4 Sep 2015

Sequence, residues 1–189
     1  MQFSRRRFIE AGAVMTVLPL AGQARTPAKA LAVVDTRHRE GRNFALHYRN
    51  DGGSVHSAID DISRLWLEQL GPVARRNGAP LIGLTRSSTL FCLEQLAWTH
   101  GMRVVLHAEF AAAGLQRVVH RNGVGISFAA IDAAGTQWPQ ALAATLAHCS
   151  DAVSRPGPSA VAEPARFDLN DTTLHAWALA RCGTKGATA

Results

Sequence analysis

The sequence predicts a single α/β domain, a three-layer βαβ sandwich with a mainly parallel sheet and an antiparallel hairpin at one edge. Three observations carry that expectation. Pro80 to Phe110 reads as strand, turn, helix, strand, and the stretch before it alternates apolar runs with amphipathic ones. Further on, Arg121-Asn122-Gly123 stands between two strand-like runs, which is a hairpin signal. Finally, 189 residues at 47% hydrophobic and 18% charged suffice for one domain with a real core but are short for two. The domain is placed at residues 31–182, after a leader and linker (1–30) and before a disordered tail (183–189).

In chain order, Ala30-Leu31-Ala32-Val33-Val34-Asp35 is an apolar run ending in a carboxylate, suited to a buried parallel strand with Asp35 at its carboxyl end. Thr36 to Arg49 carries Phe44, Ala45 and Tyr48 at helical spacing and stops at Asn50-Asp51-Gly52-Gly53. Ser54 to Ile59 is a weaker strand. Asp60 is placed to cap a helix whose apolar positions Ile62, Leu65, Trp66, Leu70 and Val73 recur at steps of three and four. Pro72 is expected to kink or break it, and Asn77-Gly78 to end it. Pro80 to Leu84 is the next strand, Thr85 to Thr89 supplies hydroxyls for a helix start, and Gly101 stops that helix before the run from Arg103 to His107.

Insider negligence is no longer the number one cause of data breaches in the healthcare industry—cybertheft and physical theft have now claimed the dubious honor. The Ponemon Institute’s Fifth Annual Benchmark Study on Privacy and Security of Healthcare Data shows that healthcare information has become a prime target for malicious hackers, with lone cybercriminals and nation-state actors eager to illegally access valuable data. According to the report’s synopsis: “Cyber criminals recognize two critical facts about the healthcare industry: 1) healthcare organizations manage a treasure trove of financially lucrative personal information and 2) they do not have the resources, processes, and technologies to prevent and detect attacks and adequately protect healthcare data.” The Ponemon study found that close to 45% of all data breaches in healthcare are due to criminal activity such as cyber criminal and nation-state hacks, malicious insiders, and physical theft, with a 125% increase in such activity over the past five years. Insider negligence—user errors, falling victim to social engineering schemes, lost or misplaced devices, and etc. had been the primary cause of breaches in years past. Healthcare Data Breach Stats More than 90% of healthcare organizations surveyed by Ponemon had experienced at least one data breach exposing patient data over the past two years, 39% had been hit by two to five breaches, and 40% had experienced more than five breaches during that timeframe. Security incidents (without an actual data breach) occurred at 78% of healthcare organizations. Web-borne malware attacks caused security incidents for 78% of healthcare organizations. Lost and stolen devices were a problem at 96% of healthcare organizations in the study, as was spear phishing (88%). About 45% of breaches were attributed to criminal attacks, 43% were attributed to lost or stolen devices, 40% were caused by employee mistakes, and 12% were carried out by a malicious insider. Sixty-five percent of healthcare organizations experienced electronic information-based security incidents over the past two years. Fifty-four percent of healthcare organizations suffered paper-based security incidents. The Consequences Of Healthcare Data Breaches Poneman estimates that data breaches could be costing the industry $6 billion. According to the report’s findings, the average cost of a data breach for healthcare organizations is estimated to be more than $2.1 million. Medical identity theft has nearly doubled in five years, from 1.4 million adult victims to over 2.3 million in 2014. A significant number of medical identity theft victims report they have spent an average of $13,500 to restore their credit, reimburse their healthcare provider for fraudulent claims, and correct inaccuracies in their health records. The standard response to a breach that exposes consumer data is the offer of free credit report monitoring and/or ID theft protection. But Poneman found that nearly two-thirds of healthcare organizations do not offer any protection services for patients whose information has been breached. Half of all healthcare organizations reported that they have little or no confidence in their ability to detect all patient data loss or theft. In addition, the majority of organizations have not performed the federally-mandated risk assessment for security incidents. And only 40 percent of healthcare organizations said that they were concerned about cyber attackers. Healthcare organizations should understand that the data they capture and store is of real value to criminals. Health records are priced significantly higher than stolen credit cards are on the underground market. Stolen health records can be leveraged to commit insurance fraud, tax fraud, and identity theft. BAI Security offers security assessments, breach analysis, compliance control checks, and security training to the healthcare industry. Find out more about our proactive data protection services now.